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Top 10 EdTech startups transforming learning in Africa

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Top 10 Edtech startups transforming learning in Africa

The global tech revolution is greatly changing the way we work in every sector.

EdTech, which merges innovation with teaching, has made education more accessible and comprehensive across the world. Most recently we’ve seen that established schools have adopted robotic teaching assistants, VR experiences, Artificial Intelligence, machine learning and virtual classrooms.

Young entrepreneurs across Africa have taken brilliant steps in contributing to the development of a revitalised educational sector. Below is a list of 10 startups focused on reinventing education in Africa.

Brainshare – Uganda

An EdTech startup based in Uganda, founded by Charles Muhindo. The web & mobile app enables students to easily exchange notes, past papers, revision materials, course work or ask questions remotely. The app strategically places teachers, students and parents in one eco-system. Teachers can upload notes, offer assignments and moderate student discussions whereas students can easily access content anywhere anytime with or without the internet.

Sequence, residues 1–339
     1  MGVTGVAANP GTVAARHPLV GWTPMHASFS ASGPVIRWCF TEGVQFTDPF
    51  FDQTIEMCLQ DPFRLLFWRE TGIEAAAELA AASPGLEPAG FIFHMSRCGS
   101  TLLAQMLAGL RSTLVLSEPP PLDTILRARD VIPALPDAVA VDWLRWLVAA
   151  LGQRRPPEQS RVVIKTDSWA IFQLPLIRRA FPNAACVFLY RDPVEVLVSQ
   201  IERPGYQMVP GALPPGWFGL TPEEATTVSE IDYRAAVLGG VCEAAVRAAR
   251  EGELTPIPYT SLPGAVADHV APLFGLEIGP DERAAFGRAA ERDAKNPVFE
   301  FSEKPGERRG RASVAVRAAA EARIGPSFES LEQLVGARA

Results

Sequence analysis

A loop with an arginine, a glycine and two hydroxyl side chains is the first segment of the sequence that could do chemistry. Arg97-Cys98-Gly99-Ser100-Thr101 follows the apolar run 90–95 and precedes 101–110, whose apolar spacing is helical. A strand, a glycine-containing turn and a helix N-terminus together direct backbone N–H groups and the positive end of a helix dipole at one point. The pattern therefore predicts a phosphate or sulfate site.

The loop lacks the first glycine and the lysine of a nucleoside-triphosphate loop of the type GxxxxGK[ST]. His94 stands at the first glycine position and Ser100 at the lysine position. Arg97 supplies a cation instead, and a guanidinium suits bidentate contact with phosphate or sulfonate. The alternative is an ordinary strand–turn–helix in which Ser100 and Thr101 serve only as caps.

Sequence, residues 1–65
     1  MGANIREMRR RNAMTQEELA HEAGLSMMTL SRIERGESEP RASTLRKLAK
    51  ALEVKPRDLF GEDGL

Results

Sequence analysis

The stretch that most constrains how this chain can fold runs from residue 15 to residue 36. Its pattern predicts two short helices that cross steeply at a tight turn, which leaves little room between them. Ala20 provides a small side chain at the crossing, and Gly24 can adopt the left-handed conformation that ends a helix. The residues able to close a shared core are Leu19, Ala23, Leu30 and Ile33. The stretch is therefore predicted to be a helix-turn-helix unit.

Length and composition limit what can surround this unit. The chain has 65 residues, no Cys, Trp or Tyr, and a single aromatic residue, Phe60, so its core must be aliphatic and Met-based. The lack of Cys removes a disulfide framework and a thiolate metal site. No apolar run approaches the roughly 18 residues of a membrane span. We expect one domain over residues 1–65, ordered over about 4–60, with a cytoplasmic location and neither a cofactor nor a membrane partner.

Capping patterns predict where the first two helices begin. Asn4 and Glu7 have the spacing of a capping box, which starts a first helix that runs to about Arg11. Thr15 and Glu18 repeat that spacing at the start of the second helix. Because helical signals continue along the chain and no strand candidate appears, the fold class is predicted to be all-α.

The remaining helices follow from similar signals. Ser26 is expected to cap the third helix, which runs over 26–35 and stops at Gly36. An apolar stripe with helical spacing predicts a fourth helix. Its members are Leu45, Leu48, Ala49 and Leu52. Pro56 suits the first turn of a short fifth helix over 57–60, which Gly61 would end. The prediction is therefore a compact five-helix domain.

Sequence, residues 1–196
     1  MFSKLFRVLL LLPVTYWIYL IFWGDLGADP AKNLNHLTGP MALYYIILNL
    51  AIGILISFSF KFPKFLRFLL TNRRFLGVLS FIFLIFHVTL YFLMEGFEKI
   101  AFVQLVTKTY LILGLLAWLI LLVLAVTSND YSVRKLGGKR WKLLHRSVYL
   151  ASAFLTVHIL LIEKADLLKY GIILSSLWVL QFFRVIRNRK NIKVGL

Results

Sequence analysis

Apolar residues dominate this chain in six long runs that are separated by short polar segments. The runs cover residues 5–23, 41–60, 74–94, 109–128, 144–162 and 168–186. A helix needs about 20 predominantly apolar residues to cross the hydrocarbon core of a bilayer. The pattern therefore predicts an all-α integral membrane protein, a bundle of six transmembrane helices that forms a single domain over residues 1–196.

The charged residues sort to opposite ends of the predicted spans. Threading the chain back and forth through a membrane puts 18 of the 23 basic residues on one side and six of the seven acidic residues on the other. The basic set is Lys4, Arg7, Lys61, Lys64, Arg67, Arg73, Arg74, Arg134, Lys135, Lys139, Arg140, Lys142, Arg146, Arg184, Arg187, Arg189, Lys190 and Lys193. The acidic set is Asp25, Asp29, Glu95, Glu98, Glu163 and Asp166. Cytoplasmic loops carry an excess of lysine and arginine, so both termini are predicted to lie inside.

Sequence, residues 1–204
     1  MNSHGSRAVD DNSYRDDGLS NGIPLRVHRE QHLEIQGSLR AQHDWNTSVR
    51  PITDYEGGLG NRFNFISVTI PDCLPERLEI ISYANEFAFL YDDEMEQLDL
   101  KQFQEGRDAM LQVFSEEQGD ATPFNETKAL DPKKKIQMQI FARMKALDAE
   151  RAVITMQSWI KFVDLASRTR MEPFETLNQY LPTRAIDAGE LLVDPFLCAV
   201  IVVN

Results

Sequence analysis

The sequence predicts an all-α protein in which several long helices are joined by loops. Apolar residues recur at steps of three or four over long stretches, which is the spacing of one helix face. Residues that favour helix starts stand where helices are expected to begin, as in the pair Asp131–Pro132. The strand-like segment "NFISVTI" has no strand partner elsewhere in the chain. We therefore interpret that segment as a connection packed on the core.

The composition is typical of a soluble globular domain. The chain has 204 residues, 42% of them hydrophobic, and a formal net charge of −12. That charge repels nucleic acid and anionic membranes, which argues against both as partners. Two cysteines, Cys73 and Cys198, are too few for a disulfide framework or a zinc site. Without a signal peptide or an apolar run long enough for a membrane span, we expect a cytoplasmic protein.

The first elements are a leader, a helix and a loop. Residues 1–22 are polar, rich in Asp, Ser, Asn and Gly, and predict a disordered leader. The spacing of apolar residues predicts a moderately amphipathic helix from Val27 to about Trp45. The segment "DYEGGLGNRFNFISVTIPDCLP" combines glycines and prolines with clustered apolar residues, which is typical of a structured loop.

M-Shule – Kenya

Based in Nairobi, e-learning platform M-Shule was founded in 2016 by Claire Mongeau (CEO) and Julie Otieno (CTO). The platform makes use of artificial intelligence (AI) and SMS to deliver personalised, accessible education to primary school students across Africa. M-Shule has come up with innovative ways to bridge the digital divide between most learners across Africa and their counterparts in the developed nations. While typically e-learning would require an internet connection and at least a smartphone; if tablet, laptop, or desktop computer is not an option. Thus far, M-Shule has completed a trial run involving 400 students across some 15 local schools in Kenya.

Student Hub – South Africa

The Cape Town-based startup was founded in April of 2015 by Kabeya Hertzy. The e-commerce platform offers smart education technology to students, government, and educational institutions. The Student Hub publishes e-books with links to other resources, while students will also be able to react to content when they are confused or find it difficult. ERAOnline will allow them to send comments and messages to authors, publishers and peers, and every student will be connected with a subject expert to assist them when they get stuck.


Ubongo – Tanzania

Founded in 2013 by Nisha Ligon, Ubongo is localised and multi-platform educational media that reaches millions of families through accessible technologies. It is an interactive educational cartoon that teaches kids foundational maths, science and problem-solving skills, and inspires them to use those skills to change the world around them. Ubongo leverages accessible technologies of TV and basic mobile phones to deliver edu-cartoons, currently watched in over 1.2 million homes in East Africa each week. Kids can interact via SMS from basic mobiles, answering quiz questions, and getting feedback and encouragement from the cartoon characters.

Tuteria – Nigeria